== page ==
Another interesting restaurant is Le Pré Salé. I didn’t visit it but the name suggests they may serve salt-meadow lamb (agneau de pré-salé) which is a type of lamb which was raised in salt marsh meadows of Mont Saint Michel bay covered in halophyte grasses with a high salinity and iodine content which causes the meat to have a distinct taste that is considered a delicacy. The salt-meadow lamb is registered as an Appellation d’origine contrôlée (AOC).
You will find in the village many other small restaurants and bistros, so if you are not visiting Bretagne and Normandie, it is nice opportunity to try local cuisine. Bretagne is famous of its salty pancakes (galettes), if you visit in autumn you can have a galette with scallops (cuquilles Saint-Jacques)–local delicacy. In the region you will also find great variety of very thin sweet pancakes (crêpes), try the ones with salty butter and caramel (crêpes bretonnes au caramel beurre salé). For a some taste of Normandy, you can order Crêpes Normande which can best be described as apple pie inside a crêpe. Bretagne and Normandy are regions known from growing delicious apples and produce French best cider, so make sure you will have a glass or two. In the on Grand Rue you will find famous Normandy sweets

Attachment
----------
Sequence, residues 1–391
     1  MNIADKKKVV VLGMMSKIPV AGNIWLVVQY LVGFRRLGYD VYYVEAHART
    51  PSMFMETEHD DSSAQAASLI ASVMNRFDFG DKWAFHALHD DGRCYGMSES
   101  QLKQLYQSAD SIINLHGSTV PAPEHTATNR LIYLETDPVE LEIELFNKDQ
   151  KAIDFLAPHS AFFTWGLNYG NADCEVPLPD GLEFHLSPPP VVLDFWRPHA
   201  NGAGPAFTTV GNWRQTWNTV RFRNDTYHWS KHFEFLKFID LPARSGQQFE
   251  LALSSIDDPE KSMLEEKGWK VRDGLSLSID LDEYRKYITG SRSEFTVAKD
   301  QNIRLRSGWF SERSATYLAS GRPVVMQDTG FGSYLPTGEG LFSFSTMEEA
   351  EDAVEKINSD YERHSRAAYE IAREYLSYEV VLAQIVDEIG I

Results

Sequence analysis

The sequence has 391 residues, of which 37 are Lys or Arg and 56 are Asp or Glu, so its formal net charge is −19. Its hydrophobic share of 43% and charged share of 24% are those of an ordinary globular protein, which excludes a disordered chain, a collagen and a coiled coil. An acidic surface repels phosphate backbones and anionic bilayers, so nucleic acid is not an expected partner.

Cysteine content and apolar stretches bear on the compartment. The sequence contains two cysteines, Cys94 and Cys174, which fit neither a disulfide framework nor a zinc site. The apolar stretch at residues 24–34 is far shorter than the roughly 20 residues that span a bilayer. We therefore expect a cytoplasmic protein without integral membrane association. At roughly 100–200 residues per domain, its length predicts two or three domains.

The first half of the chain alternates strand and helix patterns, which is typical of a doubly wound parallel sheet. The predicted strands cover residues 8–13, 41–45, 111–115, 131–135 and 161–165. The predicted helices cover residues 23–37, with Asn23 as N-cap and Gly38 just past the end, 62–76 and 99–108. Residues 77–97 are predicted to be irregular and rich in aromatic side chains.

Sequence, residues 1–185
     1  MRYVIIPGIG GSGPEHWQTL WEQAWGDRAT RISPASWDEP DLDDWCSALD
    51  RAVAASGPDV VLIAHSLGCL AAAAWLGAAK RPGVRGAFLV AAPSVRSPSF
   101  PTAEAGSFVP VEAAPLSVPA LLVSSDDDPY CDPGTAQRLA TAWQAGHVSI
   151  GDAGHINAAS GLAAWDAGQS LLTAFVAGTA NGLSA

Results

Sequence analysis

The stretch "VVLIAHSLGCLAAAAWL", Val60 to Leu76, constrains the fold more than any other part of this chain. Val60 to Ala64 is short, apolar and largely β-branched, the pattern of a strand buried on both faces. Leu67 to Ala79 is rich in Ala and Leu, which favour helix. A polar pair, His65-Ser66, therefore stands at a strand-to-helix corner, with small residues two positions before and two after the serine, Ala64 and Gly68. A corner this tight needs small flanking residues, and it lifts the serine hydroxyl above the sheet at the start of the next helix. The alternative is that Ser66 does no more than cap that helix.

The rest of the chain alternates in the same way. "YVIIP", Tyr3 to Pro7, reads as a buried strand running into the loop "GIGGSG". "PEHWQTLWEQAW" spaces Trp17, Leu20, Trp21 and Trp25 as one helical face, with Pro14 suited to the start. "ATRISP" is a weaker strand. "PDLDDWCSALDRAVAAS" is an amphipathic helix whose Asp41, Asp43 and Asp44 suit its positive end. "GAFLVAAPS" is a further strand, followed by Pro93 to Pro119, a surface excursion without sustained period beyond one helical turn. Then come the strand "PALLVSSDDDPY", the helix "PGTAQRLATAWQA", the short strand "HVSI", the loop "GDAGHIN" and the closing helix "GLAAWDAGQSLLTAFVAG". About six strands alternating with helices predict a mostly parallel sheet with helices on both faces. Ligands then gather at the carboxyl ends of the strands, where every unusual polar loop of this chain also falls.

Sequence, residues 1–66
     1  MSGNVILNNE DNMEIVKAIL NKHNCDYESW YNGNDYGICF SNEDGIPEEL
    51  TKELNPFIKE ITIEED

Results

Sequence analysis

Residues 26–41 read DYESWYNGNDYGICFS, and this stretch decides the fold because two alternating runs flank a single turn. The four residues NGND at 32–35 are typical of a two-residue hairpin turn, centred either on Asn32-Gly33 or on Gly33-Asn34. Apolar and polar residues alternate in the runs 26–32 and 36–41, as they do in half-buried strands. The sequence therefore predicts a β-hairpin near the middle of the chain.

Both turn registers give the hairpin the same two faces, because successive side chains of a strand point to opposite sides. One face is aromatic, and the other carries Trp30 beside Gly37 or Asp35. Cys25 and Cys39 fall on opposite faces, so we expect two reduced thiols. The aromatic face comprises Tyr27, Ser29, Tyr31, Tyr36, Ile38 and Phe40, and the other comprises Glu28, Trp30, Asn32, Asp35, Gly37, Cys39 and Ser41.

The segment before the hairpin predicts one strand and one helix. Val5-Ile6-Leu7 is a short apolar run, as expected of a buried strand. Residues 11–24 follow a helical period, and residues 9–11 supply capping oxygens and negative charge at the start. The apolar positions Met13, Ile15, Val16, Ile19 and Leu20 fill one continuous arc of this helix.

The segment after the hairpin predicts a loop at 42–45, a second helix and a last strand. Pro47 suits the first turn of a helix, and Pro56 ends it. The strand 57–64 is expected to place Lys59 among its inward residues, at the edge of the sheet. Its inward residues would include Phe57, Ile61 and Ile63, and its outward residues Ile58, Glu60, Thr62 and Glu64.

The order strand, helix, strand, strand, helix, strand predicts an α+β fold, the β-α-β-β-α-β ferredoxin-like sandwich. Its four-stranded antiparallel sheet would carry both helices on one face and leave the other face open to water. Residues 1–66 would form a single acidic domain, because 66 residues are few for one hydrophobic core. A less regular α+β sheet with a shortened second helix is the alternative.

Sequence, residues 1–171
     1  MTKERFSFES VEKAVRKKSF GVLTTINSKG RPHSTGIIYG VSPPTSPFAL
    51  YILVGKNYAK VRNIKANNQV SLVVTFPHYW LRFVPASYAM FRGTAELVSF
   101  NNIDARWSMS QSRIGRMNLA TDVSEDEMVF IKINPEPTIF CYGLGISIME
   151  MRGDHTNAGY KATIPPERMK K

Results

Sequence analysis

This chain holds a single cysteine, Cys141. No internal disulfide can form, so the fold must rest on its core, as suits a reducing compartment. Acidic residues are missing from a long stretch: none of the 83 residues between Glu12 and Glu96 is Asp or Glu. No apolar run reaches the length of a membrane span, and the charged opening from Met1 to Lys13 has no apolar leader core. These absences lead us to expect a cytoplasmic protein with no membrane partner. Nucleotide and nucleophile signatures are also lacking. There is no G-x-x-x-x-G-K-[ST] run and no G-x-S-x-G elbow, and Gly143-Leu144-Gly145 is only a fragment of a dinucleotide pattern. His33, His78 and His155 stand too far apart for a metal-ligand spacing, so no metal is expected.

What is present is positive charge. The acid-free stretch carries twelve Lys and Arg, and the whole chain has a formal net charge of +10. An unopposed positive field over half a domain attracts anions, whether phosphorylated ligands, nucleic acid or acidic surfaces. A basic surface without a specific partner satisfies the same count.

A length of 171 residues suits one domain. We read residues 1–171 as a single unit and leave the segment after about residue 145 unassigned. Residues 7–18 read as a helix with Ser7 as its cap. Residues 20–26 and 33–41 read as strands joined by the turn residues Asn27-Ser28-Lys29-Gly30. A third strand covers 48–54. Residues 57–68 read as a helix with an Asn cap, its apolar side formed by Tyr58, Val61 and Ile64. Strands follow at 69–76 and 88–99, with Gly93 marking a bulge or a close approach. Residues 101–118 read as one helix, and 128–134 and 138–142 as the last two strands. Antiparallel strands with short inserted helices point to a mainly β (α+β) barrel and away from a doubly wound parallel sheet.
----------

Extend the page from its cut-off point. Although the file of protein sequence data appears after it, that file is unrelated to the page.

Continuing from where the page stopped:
If you are shortly in France, Mont Saint Michel souvenir shops are good places to make a purchase of authentic French products. Small boutiques sell French renown clothing brands like Saint James, Armor Lux or Le Slip Français. You will also find small shops with local handcrafts and Normandien sweets and treats. Surprisingly, I didn’t find the prices very elevated (the same as in online stores).
- Practical tips
- Since the weather in Normandie can be unpredictable and change fast (sudden rain and strong wind), take with you waterproof and windproof jacket. Don’t forget your umbrella (also when visiting other places in Normandie and Bretagne).
- Cars are not allowed to enter the island, and one needs to climb the abbey, so make sure you have comfortable walking shoes (choose a pair which hold during strong rain).
- Bring spacious bag which protects well your items from rain and big enough to store your extra sweater when the sun is out.
- There are shops and restaurants in the village, however the prices are elevated so if you travel on a budget, bring your own picnic.
- Be aware of seagulls especially when carrying food in your hands. The animals can approach you to steal food from your hands and accidentally scratch you (happened to me).
- If you would like to stay on the Mont Saint Michel for a night, there are quite some hotel options. They are rather expensive for 2 and 3 star standard, however for sure spending the night in the village is an unforgettable experience.
- You can arrive from Paris to Rennes or Mont Saint Michel by fast bullet train TGV and then take a bus to the complex. However, there are only few public buses operating between Mont Saint Michel and Rennes and Sant Malo, so check the schedules well, alternatively choose organised trip from Paris.
- There are ATMs on the island and practically everywhere the credit/debit cards are accepted. Staff in the shops and restaurants speak good English.
- You can take your dog to the village (dogs are not permitted to the abbey and shops).